Thursday, August 31, 2006

Litmus tests

I post pretty often at Huckleberries Online, a blog connected with a local paper. In case you didn't know, "local" for me is North Idaho, smack-dab in the middle of Jesusland. As such, most of the other commenters are quite conservative, and I like to play the token liberal when things get to be a little too echoey. Today, on the subject of Larry Grant's positioning of himself as a moderate, and the idea of the "moderate Democrat" in general, a commenter had this to say:

I find the left-right argument bemusing. Most folks I consider hard left proclaim that they are in the middle. Yet when you ask them to find someone hard left, they can't seem to pinpoint anyone, or find a single extremist. E.g., most of Hollywood is far left, but when you ask them they claim to be moderates "right in the middle." Whereas on the right, most folks admit to being hard right or "right of Atilla the Hun."

Folks, if there is no one to the left of you, then you are on the far left.

Posted by dang 31 Aug 10:32 AM
dang even provided us with a helpful diagram:As the wacko liberal (I'm not the only one, but we are few and far between) who runs into blogospherians much more liberal than her on a daily - who am I kidding; hourly - basis, I had an objection to this. I gave this response:

...I'm a leftist, but I'm in no way the leftiest lefty that ever lefted a left. If you want some names, I would consider Dennis Kucinich, Jello Biafra, and Ralph Nader as to the left of me. I would put Joe Lieberman, Bill Clinton, John Tester, Harry Reid, and even Larry Grant on the right of me.

Of course, we all have different signifiers for left and right that can be totally off-base - think of christian reconstructionists who are also huge into environmentalism in service to their devotion to all that God has created. So, I am pro-choice, am not a big fan of Wal-Mart, but love shopping at Winco. I am completely unmoved by either side of the (admittedly, dead and buried) gun control debate. I eat meat, and think hunting is a cool hobby. I support nationalized health care but totally don't get farm subsidies. So where does that put me, exactly? The thing that puts me on one side or the other, I believe, is my belief that everyone deserves equality of opportunity, and not just a superficial one but one that can be emperically shown to be the case.

From this information, dang concluded that I was one of the good ones - someone who isn't bound by one party's ideology. I think he's (or she?) wrong, but mostly because he doesn't have a very reality-based idea of what makes a Democrat tick. As a middle-class, college-educated, straight married woman of a liberal bent, I'm pretty much the bread and butter of the Democratic party. Give me a national Democratic platform, and I will align with it pretty faithfully.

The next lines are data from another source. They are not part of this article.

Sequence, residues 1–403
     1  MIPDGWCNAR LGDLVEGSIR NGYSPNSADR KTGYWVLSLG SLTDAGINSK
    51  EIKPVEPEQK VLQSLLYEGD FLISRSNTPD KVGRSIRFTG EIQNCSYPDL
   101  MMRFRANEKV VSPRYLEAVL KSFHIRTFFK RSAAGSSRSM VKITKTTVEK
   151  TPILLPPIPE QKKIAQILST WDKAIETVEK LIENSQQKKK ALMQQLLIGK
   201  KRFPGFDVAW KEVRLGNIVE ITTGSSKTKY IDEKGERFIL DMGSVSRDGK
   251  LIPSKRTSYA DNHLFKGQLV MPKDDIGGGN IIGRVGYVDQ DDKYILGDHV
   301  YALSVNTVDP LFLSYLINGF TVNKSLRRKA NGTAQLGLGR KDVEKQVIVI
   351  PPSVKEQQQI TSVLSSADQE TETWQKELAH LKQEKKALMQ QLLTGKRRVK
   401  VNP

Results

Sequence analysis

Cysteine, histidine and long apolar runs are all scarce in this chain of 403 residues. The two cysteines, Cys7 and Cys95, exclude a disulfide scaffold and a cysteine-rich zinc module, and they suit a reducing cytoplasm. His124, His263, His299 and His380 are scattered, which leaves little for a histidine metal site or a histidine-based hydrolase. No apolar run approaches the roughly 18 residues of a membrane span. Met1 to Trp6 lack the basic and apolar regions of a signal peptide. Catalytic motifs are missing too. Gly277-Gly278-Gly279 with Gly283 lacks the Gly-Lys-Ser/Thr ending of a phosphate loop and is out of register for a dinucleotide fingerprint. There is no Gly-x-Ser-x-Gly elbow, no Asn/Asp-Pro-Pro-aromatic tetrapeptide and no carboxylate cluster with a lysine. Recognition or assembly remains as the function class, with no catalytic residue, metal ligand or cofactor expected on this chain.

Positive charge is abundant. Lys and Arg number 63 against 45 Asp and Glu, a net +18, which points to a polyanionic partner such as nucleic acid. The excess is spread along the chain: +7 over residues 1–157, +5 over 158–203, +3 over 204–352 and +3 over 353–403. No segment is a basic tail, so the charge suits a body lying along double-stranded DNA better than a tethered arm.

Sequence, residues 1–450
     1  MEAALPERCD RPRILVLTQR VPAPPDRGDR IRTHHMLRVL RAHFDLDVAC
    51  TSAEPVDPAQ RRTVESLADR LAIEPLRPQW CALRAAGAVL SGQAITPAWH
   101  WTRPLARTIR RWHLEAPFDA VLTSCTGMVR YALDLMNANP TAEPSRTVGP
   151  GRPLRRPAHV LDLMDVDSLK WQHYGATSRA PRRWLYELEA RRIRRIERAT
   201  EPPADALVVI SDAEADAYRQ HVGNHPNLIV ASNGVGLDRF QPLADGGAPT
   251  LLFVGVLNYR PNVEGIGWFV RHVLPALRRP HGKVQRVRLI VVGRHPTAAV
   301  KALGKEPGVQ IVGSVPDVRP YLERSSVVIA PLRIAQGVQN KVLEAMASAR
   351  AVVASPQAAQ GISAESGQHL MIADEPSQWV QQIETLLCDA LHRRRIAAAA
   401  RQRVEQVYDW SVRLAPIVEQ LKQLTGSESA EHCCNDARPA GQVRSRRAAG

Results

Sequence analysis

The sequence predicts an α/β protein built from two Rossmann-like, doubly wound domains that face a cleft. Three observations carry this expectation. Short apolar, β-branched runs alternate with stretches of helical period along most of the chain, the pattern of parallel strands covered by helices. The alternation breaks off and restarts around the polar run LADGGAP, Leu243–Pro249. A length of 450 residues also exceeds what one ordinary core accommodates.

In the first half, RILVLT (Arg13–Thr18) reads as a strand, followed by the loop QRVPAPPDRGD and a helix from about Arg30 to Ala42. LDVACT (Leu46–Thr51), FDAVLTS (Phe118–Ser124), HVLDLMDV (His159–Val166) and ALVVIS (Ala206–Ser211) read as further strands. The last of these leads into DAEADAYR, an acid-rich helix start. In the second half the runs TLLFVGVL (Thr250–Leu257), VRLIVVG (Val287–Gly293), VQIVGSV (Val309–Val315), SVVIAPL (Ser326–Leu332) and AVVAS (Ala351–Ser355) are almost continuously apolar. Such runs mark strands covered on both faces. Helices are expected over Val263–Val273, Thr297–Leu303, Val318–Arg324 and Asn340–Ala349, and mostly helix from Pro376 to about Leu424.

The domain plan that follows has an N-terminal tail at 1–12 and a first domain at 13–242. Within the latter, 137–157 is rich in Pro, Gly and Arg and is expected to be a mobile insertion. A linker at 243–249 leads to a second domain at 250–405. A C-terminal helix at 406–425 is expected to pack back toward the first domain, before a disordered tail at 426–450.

So I have to wonder what it was that discombobulated dang's ability to stick me in the category R or D. Maybe it was the combination of pro-hunting pro-choicer? A supporter of nationalized health care who proudly shops in big box stores? I'm not sure, but what I gave dang came back as DOES NOT COMPUTE.

Deciding which party (if either) a person would be happiest as a member in is one thing, but it's even harder to draw the boundaries of what actions put you on the good side of an issue, and what actions put you on the bad side.

A long while back at I Blame the Patriarchy, the infamous patriarchy-blamer Twisty Faster got her blame on in regard to a Mexican ad campaign that featured scantily-clad women telling men that they don't need to follow custom and eat sea turtle eggs to ensure upstanding performance in bed. Andy (aka ACS, aka my husband) got into a lot of interesting concepts in the comment thread, but after he passingly called those who would eat endangered sea turtle eggs for the sake of a frigging boner "monsters," he recieved this response:

In any event, calling turtle-eaters "monsters" is ridiculous. Borderline racist, in fact- and that "borderline" is giving you the benefit of the doubt, because I'm a hell of a nice guy that way.

Most of us do things that are far worse for the world than eating a sea turtle egg. What kind of mileage does your vehicle get, ACS? You know that sea turtles are at huge risk from oil drilling in the gulf of Mexico, right? You have a cell phone? Cell phones are the primary use of an ore called coltan, the market for which drives deforestation - and nasty, horrible genocidal wars - in the Congo basin.